If you sit in the Adiyogi Alayam and start observing the nature of your body, you will see – He will take you on and take you faster and further than you imagined possible. If we do Hata Yoga or any kind of meditative process here, anything with eyes closed which involves a certain exploration, it will happen phenomenally well. It may not be the best place to do Bhava Spandana because it brings too much balance – we want a little madness out there. If people are not a little crazy, Bhava Spandana will not succeed. Yes, we want them to fly-off a little bit before they come down. Not that Bhava Spanda cannot be done here too; it would also be assisted because there is a yogic dimension to it. But the Adiyogi Alayam is more exploratory in nature, more driving towards the inner core rather than exuberance.
In fact, if you walk into Spanda Hall, it may feel more exuberant. But if you sit in the Adiyogi Alayam, this will slowly sink into you. It is like this: if you go into Dhyanalinga, if you are not prepared enough, you may look around and just see one rock standing there. You don’t know anything. But if you go into Linga Bhairavi, you feel it because it is exuberant. The Adiyogi Alayam is simply still. It takes a lot more to feel the stillness than to feel the exuberance. Exuberance is easy because it is happening; stillness you have to look for, otherwise you will miss it.
So… the Adiyogi Alayam is explorative in nature. If you take one step and explore, He will take you one step further. That is like, if you earn 100 rupees, he will give you 100 rupees bonus. Good deal, isn’t it?
Mystic’s Musings is a compilation of extracts from Sadhguru’s discourses and talks.
My Ride of a Lifetime: Samyama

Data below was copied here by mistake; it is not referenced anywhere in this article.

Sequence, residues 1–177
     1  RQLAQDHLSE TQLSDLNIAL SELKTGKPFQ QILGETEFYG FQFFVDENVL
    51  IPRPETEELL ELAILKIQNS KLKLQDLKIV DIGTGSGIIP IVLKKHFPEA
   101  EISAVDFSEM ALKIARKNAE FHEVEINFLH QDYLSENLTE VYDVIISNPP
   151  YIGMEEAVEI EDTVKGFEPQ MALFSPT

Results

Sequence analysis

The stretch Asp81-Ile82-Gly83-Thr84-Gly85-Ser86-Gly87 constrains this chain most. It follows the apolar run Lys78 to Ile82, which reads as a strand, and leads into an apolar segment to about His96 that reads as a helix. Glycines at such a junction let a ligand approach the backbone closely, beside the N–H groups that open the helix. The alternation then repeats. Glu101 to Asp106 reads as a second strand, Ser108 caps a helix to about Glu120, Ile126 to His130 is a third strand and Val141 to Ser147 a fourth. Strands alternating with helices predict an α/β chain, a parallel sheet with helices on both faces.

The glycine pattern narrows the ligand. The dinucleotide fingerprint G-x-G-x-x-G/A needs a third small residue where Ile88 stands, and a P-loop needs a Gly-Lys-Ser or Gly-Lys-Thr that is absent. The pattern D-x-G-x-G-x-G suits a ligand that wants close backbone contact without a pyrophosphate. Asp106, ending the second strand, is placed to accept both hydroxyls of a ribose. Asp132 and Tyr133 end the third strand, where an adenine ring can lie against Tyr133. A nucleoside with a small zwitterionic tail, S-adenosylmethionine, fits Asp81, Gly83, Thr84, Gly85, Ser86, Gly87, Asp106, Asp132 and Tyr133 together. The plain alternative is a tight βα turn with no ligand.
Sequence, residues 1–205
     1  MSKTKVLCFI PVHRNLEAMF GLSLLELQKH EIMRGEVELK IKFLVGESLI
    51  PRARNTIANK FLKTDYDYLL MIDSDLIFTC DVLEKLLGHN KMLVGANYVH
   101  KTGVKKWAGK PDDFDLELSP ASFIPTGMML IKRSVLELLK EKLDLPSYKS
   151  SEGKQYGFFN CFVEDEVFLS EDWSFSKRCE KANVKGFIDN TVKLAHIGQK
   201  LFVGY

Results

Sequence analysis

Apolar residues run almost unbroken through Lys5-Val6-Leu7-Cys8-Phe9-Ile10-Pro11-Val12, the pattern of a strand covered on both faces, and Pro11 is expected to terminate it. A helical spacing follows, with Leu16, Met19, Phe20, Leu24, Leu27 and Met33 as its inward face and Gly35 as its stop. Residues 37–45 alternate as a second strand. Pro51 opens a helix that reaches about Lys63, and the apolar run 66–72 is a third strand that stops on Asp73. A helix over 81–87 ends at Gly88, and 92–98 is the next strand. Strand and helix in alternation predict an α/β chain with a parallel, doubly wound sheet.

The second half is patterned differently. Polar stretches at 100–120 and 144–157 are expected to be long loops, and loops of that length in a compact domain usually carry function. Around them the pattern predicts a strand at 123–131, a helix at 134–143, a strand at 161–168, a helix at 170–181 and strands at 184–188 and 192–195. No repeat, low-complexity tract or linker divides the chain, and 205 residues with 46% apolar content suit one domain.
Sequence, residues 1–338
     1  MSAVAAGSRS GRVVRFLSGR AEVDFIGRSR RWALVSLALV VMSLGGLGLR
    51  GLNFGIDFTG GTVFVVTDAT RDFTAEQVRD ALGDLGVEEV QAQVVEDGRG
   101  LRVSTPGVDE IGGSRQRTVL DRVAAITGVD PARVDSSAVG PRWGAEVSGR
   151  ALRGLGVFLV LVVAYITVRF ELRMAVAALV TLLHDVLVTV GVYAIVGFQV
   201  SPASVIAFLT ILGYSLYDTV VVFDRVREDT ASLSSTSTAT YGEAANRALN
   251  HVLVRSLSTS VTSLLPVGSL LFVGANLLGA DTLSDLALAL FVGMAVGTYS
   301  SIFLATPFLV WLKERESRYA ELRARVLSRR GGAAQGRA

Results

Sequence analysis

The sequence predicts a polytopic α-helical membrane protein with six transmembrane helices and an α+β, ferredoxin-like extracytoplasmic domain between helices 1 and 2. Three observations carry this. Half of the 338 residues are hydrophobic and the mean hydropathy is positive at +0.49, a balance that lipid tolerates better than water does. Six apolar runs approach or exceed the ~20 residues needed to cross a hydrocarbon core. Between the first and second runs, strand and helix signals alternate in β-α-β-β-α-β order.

I just attended my third Samyama this past February after Mahashivratri and I am finally writing about my experiences. However, I can only truly convey how Samyama affected me by relating how my journey of sorts led me to Isha and of course to my Guru.
“Feel anger, but eliminate the actions that come with the anger.” This is a quote from Sadhguru given at a Sathsang in Michigan, USA some time several years ago and I still recall it, due to the fact that it directly relates to me and my own trials and tribulations over the years. I have dealt with anger in many of its forms my entire life. I came from a family of serious yellers and thus I became a yeller and a screamer myself. In addition, I am an attorney, thus anger honed in just the “right” way can be quite beneficial in carrying a useless “legal” argument across. As an attorney and just as being myself, I questioned everything, including Sadhguru. Through my cynical view of the world, my anger was fostered and flourished openly. In basic terms – no one crossed me or there’d be trouble. Well, I was lucky enough that Sadhguru crossed me because he brought a whole mess of trouble my way.